Currently reading: Report: Government to confirm 2030 new petrol and diesel car sales ban next week
Prime Minister set to bring forward ban on new combustion engined cars from 2040 – but hybrids to get lifeline until 2035
Felix Page Autocar writer
News
3 mins read
14 November 2020

The UK government is set to confirm it wil bring forward a ban on the sale of new combustion-engined cars from 2040 to 2030 in an effort to speed up widespread electric vehicle (EV) adoption – but hybrid cars are set to be allowed until 2035 under the revised proposals.

According the Financial Times the widely anticipated move will be confirmed next week as part of a wider package of green initiatives announced by Prime Minister Boris Johnson. The annnouncement has reportedly been delayed several times since this autumn due to the government focus on tackling coronavirus.

A proposal to end sales of petrol and diesel-fuelled cars (including hybrids and plug-in hybrids) by 2040 was first announced in 2018 as part of the government’s strategy to reach net-zero carbon emissions by 2050, before transport secretary Grant Shapps said earlier this year that such action could be taken by 2035 or even as early as 2032 if possible. 

Members of the public were offered the chance to submit their views in an online consultation process that closed at the end of July this year.

While the new ban on pure combustion engined petrol and diesel cars has been brought forward, the news that hybrid cars can be sold until 2035 will be a boost to the industry, given that EVs still account for a relatively small percentage of total orders. It is not yet clear what type of hybrid systems will be allowed during that five-year period.

Criticism of the planned ban tends to centre around the limited state of the UK’s public charging network, which is widely thought to be incapable with accommodating an influx of EVs. The Guardian reports that the government’s ambitious new plan comes in response to assurances from unnamed sources that the infrastructure will be ready by 2030.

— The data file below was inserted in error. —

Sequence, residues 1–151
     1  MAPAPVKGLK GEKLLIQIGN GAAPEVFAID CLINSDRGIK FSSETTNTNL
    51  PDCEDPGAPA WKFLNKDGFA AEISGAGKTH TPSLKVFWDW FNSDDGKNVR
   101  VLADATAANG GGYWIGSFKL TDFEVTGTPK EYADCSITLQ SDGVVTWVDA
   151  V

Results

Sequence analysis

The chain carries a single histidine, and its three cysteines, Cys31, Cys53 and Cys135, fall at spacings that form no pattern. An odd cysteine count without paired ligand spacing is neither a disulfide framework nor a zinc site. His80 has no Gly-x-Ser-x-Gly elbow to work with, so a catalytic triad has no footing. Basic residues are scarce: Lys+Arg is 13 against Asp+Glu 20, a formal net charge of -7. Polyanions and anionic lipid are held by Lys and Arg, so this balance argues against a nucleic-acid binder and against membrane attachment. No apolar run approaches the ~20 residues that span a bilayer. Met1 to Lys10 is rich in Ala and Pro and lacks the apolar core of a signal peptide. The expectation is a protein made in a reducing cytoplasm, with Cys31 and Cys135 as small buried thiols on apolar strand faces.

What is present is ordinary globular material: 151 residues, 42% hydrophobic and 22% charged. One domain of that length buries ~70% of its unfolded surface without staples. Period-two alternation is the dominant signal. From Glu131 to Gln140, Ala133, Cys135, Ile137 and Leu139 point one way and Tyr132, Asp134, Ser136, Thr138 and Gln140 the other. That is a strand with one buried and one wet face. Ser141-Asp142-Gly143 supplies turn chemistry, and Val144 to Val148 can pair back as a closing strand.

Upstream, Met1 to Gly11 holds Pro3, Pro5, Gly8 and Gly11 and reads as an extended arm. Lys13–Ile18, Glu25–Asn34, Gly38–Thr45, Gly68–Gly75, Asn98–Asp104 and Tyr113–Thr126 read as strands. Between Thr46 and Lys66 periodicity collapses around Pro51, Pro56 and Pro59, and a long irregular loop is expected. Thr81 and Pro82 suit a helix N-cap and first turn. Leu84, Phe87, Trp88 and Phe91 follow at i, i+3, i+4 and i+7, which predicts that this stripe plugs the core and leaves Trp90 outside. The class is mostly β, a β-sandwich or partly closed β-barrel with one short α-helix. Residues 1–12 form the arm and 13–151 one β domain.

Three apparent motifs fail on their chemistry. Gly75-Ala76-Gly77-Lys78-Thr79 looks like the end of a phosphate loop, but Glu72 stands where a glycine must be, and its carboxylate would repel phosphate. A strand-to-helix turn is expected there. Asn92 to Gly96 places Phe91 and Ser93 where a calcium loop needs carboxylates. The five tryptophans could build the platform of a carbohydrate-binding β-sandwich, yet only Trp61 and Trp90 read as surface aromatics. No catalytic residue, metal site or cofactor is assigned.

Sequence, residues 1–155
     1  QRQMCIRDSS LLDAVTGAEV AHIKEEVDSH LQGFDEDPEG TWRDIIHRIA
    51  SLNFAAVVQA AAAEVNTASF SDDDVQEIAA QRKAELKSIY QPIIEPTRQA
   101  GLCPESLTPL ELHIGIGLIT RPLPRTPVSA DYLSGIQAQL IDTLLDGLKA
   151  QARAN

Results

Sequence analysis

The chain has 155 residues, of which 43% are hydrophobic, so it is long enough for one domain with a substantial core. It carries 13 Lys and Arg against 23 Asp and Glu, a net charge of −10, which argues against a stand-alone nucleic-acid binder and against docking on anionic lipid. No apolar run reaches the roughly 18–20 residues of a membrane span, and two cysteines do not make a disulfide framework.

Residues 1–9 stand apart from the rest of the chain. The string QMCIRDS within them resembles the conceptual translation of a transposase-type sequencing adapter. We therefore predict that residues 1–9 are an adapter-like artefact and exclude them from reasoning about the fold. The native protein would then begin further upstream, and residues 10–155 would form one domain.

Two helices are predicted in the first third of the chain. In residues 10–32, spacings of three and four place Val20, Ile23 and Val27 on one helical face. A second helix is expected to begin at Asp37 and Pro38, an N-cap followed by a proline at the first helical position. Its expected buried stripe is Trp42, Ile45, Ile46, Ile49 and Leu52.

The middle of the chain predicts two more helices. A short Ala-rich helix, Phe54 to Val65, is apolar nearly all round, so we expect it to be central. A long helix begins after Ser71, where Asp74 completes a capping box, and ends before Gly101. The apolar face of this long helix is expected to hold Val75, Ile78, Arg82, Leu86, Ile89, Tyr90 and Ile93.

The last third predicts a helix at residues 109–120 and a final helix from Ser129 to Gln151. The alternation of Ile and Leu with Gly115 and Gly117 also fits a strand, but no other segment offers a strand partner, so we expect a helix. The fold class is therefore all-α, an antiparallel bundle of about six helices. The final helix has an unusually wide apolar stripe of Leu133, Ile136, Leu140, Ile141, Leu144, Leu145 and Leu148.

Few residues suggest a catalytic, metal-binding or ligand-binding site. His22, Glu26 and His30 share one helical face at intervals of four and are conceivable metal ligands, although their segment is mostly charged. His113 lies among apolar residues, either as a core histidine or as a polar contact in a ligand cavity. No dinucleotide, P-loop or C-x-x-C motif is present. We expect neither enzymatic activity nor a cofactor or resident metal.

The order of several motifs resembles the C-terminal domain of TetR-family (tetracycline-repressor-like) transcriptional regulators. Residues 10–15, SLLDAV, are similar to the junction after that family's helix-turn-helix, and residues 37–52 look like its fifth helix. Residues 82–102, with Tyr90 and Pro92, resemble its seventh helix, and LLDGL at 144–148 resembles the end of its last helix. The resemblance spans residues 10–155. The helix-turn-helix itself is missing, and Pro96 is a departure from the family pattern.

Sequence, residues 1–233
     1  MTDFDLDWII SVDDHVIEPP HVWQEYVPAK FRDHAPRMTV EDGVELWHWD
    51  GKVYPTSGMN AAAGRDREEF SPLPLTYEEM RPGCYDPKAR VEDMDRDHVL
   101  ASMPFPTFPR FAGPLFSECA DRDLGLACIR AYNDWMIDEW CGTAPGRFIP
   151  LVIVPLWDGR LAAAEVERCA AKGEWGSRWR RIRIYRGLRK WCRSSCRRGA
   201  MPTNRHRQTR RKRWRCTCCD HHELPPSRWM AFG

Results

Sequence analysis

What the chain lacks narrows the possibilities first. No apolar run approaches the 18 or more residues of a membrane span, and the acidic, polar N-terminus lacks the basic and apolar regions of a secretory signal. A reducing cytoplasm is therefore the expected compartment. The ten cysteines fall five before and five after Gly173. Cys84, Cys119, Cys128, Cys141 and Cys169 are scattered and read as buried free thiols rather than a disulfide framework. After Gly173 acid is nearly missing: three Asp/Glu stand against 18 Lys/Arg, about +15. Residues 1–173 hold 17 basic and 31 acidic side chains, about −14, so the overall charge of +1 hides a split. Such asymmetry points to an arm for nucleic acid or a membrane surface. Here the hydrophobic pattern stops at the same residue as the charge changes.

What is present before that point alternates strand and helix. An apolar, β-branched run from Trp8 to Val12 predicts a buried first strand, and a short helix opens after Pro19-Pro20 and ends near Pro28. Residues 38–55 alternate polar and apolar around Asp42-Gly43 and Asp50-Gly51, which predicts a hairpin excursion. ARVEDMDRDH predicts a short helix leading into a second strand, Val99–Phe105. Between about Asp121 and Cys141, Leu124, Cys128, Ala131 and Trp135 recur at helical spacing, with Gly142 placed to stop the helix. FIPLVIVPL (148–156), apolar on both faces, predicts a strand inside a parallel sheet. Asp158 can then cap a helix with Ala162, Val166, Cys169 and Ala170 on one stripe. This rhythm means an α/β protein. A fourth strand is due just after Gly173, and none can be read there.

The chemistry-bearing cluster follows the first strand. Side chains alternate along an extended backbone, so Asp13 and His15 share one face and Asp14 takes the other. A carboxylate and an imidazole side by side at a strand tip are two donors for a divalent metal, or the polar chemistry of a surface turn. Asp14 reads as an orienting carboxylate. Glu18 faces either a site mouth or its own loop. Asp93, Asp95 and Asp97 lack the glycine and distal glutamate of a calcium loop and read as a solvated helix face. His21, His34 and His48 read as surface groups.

In May last year, the Committee on Climate Change (CCC) voiced concern that the original 2040 date wasn't soon enough to meet the net-zero target, calling upon the government to “continue to support strengthening of the charging infrastructure, including for drivers without access to off-street parking”.

In response, the government doubled its EV charger fund allocation to £10 million in an effort to encourage EV uptake in urban areas in January this year. It also suggested that some of the money could be used to develop a publicly accessible charger monitoring platform, which could then be integrated into sat-navs and route-planners. 

It remains unclear what effect the pandemic has had on the government’s bold infrastructure improvement programme, which included the installation of 3600 new streetside charging points this year. 

In a letter sent to Grant Shapps recently, three Labour shadow ministers called on the government to bring the combustion ban forward to 2030. Matthew Pennycook, Kerry McCarthy and Alan Whitehead said 2030 would be “an ambitious and an achievable phase-out date for new ICE vehicles”.

Pennycook added: “2030 is an ambitious but achievable date by which to phase out the sale of new petrol, diesel and hybrid vehicles, one that would give a new lease of life to the UK car industry whilst combatting climate breakdown and cleaning up the air that dangerously pollutes so many of our towns and cities.

“But as well as accelerating the phase-out, the government must also set out a credible plan to get there – one that backs the low-carbon jobs and industries of the future and ensures that workers and communities are properly supported in the transition to a fairer and cleaner economy.

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“It’s time for ministers to seize this opportunity as part of a world-leading green recovery from the coronavirus pandemic, creating good jobs across the country and generating real momentum for next year’s COP26 climate summit.”

READ MORE